Do overs and revised editions

People keep saying it – the beauty of being indie is your book can always evolve.  You can always repair and update your books.  The indie world never stands still.  People are forgiving.


ROCHESTER, ENGLAND – FEBRUARY 03: A general view of Restoration House, believed to be the inspiration for Satis House in Charles Dickens’ novel ‘Great Expectations’ on February 3, 2012 in Rochester, England. The bicentenary of Charles Dickens’ birth, one of England’s greatest ever authors, is marked on February 7, 2012. Dickens’ novels, written and set during the Victorian period, represent some of English literature’s most iconic texts. His work which concentrates largely on social injustice, continues to hold relevance with over 300 film and television adaptations based on his books. (Image credit: Getty Images via @daylife)

But there are some mistakes that are very difficult to forgive.  And what happens if you make one of them?
I was speaking to an indie author (who shall remain nameless) whose book had been edited, but for some reason she’d uploaded the wrong edition.  I’ve had it happen with clients too – they’ve taken my changes and either applied some or all of the changes, been happy with the end product, and then uploaded some edition that wasn’t it. Track changes can be a pain in the ass, to be fair.
I’ve heard too, from editors, whose clients upload their books and then blame the editors when they’ve missed something and it’s gone up with mistakes.  This is especially hard to take when we editors know we’ve fixed those issues, and we’ve done a metric tonne of work on the pieces.

And so, these people consider ‘do overs’.
And for most, this isn’t actually a bad idea.  Except….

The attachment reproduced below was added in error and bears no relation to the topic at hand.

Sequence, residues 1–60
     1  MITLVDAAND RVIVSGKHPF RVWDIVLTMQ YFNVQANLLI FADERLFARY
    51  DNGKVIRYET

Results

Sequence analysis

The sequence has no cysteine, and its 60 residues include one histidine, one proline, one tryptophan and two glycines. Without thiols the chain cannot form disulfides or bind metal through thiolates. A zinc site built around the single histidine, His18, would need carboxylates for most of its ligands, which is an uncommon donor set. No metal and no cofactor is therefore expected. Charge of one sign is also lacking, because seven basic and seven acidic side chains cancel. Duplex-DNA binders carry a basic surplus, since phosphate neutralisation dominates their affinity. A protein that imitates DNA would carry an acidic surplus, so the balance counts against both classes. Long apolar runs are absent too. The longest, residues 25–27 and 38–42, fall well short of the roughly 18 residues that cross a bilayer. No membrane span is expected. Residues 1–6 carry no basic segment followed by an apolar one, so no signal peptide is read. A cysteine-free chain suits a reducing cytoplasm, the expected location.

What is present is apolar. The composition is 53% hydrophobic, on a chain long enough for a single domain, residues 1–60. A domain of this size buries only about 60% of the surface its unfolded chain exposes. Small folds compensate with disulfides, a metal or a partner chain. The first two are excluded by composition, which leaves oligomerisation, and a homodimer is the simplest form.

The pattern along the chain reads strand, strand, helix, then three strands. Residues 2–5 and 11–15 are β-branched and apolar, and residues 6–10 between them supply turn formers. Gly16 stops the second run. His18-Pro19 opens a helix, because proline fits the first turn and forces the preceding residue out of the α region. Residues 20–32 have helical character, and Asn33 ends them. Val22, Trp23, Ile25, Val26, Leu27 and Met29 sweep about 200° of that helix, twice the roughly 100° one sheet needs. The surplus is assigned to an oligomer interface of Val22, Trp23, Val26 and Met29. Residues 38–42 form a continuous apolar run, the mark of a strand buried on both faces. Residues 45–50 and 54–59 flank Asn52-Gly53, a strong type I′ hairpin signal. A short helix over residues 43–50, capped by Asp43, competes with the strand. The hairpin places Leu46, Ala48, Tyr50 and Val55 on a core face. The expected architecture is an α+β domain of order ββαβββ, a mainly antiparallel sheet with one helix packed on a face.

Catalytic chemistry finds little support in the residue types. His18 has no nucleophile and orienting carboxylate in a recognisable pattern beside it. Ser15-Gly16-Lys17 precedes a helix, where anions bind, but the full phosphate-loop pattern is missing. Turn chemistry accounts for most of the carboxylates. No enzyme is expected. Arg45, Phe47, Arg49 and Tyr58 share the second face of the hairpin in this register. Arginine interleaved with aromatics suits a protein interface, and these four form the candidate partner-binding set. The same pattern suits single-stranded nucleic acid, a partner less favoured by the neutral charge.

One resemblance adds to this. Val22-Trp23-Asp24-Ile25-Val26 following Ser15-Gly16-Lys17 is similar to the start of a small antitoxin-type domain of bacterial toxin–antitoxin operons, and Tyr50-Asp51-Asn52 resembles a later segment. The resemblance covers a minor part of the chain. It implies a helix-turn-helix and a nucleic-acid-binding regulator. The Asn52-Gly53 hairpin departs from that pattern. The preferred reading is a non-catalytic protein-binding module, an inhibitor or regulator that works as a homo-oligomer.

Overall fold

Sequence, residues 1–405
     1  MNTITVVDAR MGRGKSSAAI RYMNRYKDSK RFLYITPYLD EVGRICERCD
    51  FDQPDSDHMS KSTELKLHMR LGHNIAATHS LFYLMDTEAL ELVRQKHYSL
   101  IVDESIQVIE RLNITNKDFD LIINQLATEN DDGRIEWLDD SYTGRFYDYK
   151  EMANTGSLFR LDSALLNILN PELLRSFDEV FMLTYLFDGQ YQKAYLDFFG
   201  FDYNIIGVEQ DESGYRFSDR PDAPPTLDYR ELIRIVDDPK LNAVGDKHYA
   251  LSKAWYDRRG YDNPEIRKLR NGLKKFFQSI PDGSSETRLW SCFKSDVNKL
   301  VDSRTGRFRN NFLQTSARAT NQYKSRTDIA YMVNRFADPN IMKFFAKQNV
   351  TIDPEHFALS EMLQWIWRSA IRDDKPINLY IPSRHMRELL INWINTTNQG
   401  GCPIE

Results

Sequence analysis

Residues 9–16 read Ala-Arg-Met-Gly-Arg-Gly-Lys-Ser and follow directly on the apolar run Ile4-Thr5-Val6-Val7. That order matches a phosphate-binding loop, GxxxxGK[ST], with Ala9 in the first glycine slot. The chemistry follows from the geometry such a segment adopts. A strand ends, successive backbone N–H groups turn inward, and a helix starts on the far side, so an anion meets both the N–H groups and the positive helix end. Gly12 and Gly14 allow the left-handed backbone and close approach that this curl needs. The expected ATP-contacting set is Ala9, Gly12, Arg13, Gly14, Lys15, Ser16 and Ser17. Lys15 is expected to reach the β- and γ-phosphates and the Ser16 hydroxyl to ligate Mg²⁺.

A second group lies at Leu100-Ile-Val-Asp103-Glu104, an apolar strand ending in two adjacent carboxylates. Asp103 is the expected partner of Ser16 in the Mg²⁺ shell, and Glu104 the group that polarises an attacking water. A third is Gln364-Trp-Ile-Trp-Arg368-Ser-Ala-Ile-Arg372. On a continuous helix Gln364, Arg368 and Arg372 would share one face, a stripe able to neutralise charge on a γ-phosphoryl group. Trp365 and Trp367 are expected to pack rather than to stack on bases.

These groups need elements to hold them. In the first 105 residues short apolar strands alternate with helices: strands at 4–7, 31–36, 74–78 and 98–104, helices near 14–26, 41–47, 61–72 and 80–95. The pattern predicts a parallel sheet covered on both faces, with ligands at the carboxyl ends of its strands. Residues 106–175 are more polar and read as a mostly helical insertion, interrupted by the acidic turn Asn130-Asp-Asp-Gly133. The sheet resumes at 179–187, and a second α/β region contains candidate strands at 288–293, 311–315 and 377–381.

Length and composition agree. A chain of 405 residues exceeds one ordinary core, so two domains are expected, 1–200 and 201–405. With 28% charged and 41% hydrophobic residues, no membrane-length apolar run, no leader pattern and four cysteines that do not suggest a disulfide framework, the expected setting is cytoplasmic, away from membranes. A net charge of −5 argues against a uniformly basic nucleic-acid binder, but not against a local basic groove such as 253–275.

What I’m talking about when I say ‘do over’ isn’t updating the file – it’s breaking the flow from where it is now, taking the book and uploading it again as a revised edition – lose all reviews/rankings etc.

If you’re getting panelled because your book has gone up without editing (accidentally or on purpose), if you’re getting slammed for formatting, or your book cover, it might seem really easy to just go ‘I give in’, pull the book and start again.
I know of a few authors who have opted for the ‘do over’.

Do overs are almost always instantly alienating.  People have to buy your book AGAIN if they want the revised edition.
And it’s almost like saying ‘I didn’t do it right – I didn’t follow advice’ .  And sure, your new readers won’t know anything about it, but there will be some that remember your book – if they buy it again, they’ll feel tricked.

And the problem is too, many authors gaining their back catalog back want do overs – they clean up the book, update it and et voila.  But often, because they’re only ‘cleaning’, they don’t bother with an editor or other services.  Which means that though you’re an established writer, your books still might be mistake riddled.
And I’ve seen a very few of these writers blame the original edition/publisher.  The mind just boggles.

KDP does kinda mitigate the edge of that, if you’re clever.  You could use your five days during a ‘do-over’ to ensure that people got the new book.  Promote the heck out of it, and give new readers your book free too.  Again though, you run the risk of alienating people – if they miss it or whatever.

There’s a second option – one that more authors opt for – the rebrand.  You can even call it a ‘revised’ edition, without removing it from the site.  You don’t NEED to unpublish.  Just upload the new file, et voilà!